Image: Arthur Morris, Birds as Art, 2007 [larger view].
Canon 400mm f/5.6L lens (handheld) with the EOS-1D Mark III. ISO 200. Evaluative metering +1/3 stop: 1/1000 sec. at f/5.6 in Manual mode. Manual Flash with Better Beamer at 1:1.

For decades, it was widely suspected that a small seabird, the Arctic Tern, Sterna paradisaea, migrates an estimated 40,000 km each year -- the longest migratory journey of any animal.

"This is a mind-boggling achievement for a bird of just over 100 grams," says Carsten Egevang, a seabird researcher with the Greenland Institute of Natural Resources.

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The Ant Whisperer

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If I owned a television, you can bet I'd be watching this Nova program on PBS tonight: The Lord of the Ants. This program describes some of EO Wilson's amazing discoveries about ant communication, behavioral ecology and evolution [3:40]

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Plumage Color Influences Choice of Mates and Sex of Chicks in Gouldian Finches, Erythrura gouldiae

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The three color morphs of Gouldian finches, Erythrura gouldiae.
Image: Sarah Pryke, Macquarie University.


Gouldian finches, Erythrura gouldiae, are small cavity-nesting passerines that are endemic to open savannahs adjacent to mangrove swamps in northern Australia. These finches eat a variety of native grass seeds, but to meet the increased energetic and nutritional demands of rearing chicks, they primarily eat insects when breeding. Gouldian finches are social birds that typically occur in large flocks in the wild. Invasive species, disease and habitat destruction have dramatically reduced their population so there currently are fewer than 2500 individuals remaining in the wild. But these beautiful birds are popular avicultural subjects so there is an active conservation and captive breeding program designed to preserve them.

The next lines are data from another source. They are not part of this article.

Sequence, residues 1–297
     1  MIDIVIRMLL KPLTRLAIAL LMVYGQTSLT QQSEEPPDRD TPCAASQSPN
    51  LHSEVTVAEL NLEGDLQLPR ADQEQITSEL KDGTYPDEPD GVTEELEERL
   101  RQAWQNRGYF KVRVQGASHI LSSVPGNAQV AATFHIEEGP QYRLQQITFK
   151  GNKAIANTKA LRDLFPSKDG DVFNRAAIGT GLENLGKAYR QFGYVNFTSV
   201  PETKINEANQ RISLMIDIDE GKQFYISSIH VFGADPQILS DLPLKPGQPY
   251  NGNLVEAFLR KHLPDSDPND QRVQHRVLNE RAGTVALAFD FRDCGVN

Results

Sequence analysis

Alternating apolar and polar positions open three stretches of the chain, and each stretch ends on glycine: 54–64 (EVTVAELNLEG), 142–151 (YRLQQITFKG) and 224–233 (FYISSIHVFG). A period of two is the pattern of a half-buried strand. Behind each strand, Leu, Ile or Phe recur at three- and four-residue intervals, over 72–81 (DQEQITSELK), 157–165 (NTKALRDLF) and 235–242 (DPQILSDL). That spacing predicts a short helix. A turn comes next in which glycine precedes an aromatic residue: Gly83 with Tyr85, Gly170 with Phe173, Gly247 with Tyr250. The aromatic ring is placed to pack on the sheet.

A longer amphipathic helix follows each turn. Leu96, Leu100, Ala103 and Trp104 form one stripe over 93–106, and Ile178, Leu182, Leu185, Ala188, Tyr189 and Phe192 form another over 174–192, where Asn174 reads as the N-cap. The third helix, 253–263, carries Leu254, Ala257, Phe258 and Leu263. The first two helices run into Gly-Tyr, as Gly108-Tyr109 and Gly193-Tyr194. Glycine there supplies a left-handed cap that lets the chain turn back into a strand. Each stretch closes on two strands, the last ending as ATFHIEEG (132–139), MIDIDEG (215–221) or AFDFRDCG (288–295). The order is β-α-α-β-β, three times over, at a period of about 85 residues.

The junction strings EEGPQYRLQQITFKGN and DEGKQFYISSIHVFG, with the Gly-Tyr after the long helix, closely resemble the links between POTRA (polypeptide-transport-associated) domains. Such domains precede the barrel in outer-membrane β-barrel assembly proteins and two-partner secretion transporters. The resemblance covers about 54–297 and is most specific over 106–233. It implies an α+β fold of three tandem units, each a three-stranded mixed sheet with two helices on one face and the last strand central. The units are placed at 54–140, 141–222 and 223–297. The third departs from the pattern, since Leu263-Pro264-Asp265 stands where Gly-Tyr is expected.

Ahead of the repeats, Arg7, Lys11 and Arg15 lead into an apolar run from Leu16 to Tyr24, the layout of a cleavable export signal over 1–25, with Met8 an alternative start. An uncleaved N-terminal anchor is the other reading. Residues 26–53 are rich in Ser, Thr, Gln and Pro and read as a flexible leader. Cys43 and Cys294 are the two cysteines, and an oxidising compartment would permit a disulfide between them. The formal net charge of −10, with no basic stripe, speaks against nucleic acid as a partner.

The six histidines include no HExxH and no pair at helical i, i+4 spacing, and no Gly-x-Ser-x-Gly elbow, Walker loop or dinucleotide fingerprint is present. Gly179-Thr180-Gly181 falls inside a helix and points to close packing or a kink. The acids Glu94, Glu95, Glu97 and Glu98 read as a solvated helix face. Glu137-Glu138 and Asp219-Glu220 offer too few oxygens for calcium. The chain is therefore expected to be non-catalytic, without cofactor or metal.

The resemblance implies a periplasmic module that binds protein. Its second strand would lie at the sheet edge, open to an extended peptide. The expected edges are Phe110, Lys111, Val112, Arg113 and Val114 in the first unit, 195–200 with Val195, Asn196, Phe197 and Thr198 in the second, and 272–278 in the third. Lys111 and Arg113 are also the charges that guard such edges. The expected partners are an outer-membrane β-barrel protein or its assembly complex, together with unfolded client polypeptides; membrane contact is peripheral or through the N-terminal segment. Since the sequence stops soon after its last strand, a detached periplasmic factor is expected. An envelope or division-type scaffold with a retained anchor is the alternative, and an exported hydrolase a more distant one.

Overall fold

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Dinosaurs: A Bunch of Mister Moms

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The Oviraptorid dinosaur, Citipati osmolskae,
on a nest of eggs that was unearthed in the Gobi desert
of Mongolia by the American Museum of Natural History.
Image: Mick Ellison, American Museum of Natural History.

Oviraptors ("egg seizer") were given their name because their fossil remains were first discovered on top of a pile of eggs. Because of their close proximity to clutches of dinosaur eggs, it was initially assumed that these dinosaurs were eating them. However, in his 1924 paper, their discoverer Henry Fairfield Osborn cautioned the scientific community by writing that the name Oviraptor "may entirely mislead us as to its feeding habits and belie its character."

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Why Do We Yawn?

Dec 17 2008 Published by under Brain & Behavior, Evolution

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Yawning human, Homo sapiens serving as a perch for a domestic budgerigar, Melopsittacus undulatus.
Image: Wendy (Creative Commons License).

Yawning. Everybody does it. In fact, I am yawning now as I write this piece. Yawning is interpreted to have a variety of meanings, ranging from tiredness to boredom. Perhaps more interesting is the fact that yawning is contagious among humans, at least: watching someone else yawn, seeing a photograph or reading about -- and even the mere thought of -- yawning is enough to induce this behavior in observers. (Tell me: have you yawned yet?) Even though yawning is very common, the physiological and evolutionary reasons for yawning behavior are poorly understood.